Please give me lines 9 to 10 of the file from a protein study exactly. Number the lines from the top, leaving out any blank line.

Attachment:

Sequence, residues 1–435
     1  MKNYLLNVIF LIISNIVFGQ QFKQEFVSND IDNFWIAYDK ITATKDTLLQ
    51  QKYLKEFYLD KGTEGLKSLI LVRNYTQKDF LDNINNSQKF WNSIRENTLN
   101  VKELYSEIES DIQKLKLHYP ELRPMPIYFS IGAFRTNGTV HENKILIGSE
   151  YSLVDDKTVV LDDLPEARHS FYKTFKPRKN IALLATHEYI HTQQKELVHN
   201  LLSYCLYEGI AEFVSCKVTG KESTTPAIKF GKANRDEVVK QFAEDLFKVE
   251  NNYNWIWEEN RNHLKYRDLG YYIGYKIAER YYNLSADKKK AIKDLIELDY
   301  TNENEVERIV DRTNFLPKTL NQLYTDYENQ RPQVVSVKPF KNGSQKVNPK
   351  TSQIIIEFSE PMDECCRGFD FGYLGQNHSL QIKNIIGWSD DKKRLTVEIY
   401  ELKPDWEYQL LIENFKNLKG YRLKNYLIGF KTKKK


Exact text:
   351  TSQIIIEFSE PMDECCRGFD FGYLGQNHSL QIKNIIGWSD DKKRLTVEIY
   401  ELKPDWEYQL LIENFKNLKG YRLKNYLIGF KTKKK